The world shipping industry tries to make ship demolition environmentally safer. One of the discussed ways for that is
The world shipping industry tries to make ship demolition environmentally safer. One of the discussed ways for that is to implement so called ?Green Passports? for vessels.
The passport idea is part of a set of draft guidelines approved earlier this month by a committee of the UN's International Maritime Organisation (IMO) for adoption by member countries next year.
The Green Passport would accompany a vessel from builder to breaker. It would record hazardous materials used in construction and subsequent changes in materials and equipment.
An existing voluntary code lists asbestos and lead and tin-based coatings as materials posing dangers at the breaking yards and another 29 hazardous materials found on board, from raw sewage to mercury.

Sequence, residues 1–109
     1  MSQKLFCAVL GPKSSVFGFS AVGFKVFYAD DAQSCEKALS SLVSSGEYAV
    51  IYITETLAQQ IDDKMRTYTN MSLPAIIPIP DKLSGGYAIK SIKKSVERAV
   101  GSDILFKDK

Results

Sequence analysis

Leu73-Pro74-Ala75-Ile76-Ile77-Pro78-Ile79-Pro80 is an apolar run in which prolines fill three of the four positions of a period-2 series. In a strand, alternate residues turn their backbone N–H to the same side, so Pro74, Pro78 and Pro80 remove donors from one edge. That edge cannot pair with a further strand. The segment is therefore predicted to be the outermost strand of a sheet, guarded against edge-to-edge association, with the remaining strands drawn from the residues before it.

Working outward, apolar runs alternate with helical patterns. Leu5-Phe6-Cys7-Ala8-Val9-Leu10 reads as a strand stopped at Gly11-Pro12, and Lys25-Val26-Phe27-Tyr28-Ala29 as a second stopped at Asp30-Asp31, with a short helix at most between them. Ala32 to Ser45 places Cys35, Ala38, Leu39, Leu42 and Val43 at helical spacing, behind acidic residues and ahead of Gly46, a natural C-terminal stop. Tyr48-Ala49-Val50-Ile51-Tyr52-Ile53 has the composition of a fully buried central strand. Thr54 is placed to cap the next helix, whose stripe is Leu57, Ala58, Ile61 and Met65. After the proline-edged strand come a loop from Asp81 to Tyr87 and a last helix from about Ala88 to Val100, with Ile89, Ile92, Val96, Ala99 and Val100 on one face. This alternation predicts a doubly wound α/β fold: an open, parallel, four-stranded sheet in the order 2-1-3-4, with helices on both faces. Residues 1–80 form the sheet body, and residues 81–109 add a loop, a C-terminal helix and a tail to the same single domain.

So far this year, some 24m tonnes of shipping have been scrapped. India, Pakistan and Bangladesh account for over three-quarters of the total. This level of demolition is forecast to continue at least to the end of the decade, driven in part by the compulsory replacement of single-hulled oil tankers and fleet overcapacity.
With virtually all of a vessel recycled, the shipbreaking industry can be seen as a paradigm of the green economy. But as the IMO committee said, "working practices and environmental standards in the yards often leave much to be desired".
The International Labour Organisation reports workers with lung problems, gas explosions and beaches polluted with chemicals and toxic substances. Greenpeace says shipowners make $1bn a year from demolition tonnage and some of that should be spent cleaning up vessels before being beached.